Leaving the Three Sisters stop we continued on A82 through the Village of Glen Coe to Ballachulish Bridge where we crossed an inlet of Loch Linnhe. The Loch was visible on our left the fifteen miles to Fort William.
At Fort William the sun was finally breaking through the clouds. We stopped at the Ben Nevis Highland Centre for lunch. It's another business very much geared to tourism with an expansive gift shop and a cafeteria.
Both buses hit at about the same time and near the end of the restaurant's service for the day. The staff did an admirable job of handling the 80+ people who descended; but it took most of the break to get through the line and eat. They didn’t have much in the way of leftovers to deal with that day.
Wendy and I were somewhat far back in the line with our guide, Kevin, standing behind us. He had exhibited not only great knowledge of history but also humor, so when I noticed the shirtless men in kilts calendar I naturally asked if he was on it (he was wearing a kilt). That began a fun time of banter but also getting to know him and a little more of Scottish life as we ate lunch.
Back on the road we drove 16 miles northeast to the village of Spean Bridge where A82 took a turn back to the northwest and our next stop, the Commando Memorial, a little over a mile outside the village.
The sun was out but in true Scottish fashion some of the clouds hanging around were dropping rain and treated us to our first rainbows, plural because it turned into a double. The whole bus was in motion to the windows snapping pics when Pat pulled into the Memorial. I don’t know whether it was a planned stop or he simply knew it would be a great vantage point for capturing the rainbows.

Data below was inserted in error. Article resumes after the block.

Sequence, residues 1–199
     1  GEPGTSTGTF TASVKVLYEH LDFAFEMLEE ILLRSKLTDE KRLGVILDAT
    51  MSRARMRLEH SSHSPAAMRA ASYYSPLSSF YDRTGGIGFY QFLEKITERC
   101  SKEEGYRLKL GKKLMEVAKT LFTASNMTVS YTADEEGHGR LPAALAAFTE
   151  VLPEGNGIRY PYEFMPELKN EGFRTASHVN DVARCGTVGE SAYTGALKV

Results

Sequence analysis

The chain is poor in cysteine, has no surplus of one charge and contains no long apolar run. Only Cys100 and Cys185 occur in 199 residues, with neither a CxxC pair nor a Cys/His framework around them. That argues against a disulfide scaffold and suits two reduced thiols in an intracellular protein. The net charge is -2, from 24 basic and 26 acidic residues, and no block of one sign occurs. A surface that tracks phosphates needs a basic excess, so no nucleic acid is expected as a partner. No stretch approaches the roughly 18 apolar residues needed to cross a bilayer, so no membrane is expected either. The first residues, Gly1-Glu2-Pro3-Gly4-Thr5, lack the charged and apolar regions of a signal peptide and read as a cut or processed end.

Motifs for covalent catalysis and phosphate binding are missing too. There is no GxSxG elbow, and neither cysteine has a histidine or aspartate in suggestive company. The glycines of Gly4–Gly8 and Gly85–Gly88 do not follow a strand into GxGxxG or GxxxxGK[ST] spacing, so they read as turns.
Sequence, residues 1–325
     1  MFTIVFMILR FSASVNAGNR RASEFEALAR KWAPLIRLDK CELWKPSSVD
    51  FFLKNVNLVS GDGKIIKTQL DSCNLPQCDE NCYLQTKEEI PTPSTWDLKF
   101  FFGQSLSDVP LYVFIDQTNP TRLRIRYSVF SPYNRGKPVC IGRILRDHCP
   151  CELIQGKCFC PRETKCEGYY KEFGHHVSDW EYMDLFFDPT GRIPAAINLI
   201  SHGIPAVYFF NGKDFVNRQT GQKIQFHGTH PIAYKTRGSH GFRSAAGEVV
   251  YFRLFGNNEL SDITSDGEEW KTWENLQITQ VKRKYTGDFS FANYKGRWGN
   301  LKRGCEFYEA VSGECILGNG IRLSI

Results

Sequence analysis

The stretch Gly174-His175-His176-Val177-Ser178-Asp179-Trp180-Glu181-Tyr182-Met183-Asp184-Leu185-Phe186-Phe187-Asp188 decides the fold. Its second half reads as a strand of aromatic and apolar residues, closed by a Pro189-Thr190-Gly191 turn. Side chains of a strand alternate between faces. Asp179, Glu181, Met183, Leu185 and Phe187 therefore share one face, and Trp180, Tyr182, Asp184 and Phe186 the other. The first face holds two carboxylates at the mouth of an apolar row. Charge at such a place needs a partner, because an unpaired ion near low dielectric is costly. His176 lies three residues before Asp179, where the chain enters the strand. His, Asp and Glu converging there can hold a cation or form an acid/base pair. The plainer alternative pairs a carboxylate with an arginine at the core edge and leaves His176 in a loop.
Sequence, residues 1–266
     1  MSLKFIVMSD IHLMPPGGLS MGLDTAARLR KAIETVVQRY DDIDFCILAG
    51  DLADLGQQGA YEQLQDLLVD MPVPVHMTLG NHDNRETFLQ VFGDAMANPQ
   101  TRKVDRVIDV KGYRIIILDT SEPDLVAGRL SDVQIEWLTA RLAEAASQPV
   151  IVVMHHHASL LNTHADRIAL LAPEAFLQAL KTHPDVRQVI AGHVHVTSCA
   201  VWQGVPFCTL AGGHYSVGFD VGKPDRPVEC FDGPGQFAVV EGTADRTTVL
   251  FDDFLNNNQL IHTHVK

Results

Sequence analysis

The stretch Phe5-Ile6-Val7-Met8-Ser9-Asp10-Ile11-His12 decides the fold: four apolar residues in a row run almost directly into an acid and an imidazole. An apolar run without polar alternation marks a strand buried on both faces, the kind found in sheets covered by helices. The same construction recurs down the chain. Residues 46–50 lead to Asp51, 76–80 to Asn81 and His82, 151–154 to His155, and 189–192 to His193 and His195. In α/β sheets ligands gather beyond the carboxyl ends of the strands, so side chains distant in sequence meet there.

I was beyond thrilled. Probably most everyone likes rainbows but I have a deep seated long standing love. It may have begun during my childhood on the farm with our home situated on the top of a hill and a 360 viewpoint. Haven’t been on a farm since my teens; but not that many years later my young (then) son gave me the prism you see in the photo here. It has lived in so many windows I have no idea the count; but for 40+ years on a sunny day, at some point, I see rainbows.
When the bus stopped I was out like a shot to take pictures with a vantage point facing away from the Memorial. By the time I captured my pics and turned to be in awe of the surrounding mountain ranges, which included Ben Nevis, I was chilled and the bus was loading. I knew there was a statue people were going up to look at but I did not know until I began researching for the blog what it was. Wish I had run up real quick as it is a bronze statue honoring World War II British Commandos who trained all around the Lochaber region which the monument overlooks.
That double rainbow was one of two we saw that day. By the end of our ten days we saw a total of 8 rainbows; 5 in Scotland and 3 in Ireland. I really loved that.
As I am writing these blogs and our current state of affairs is front and center everywhere, I am very thankful for this happy task I set myself. And it just happens to be solitary. Thinking I sure would love to see some rainbows about now.
On to Loch Ness!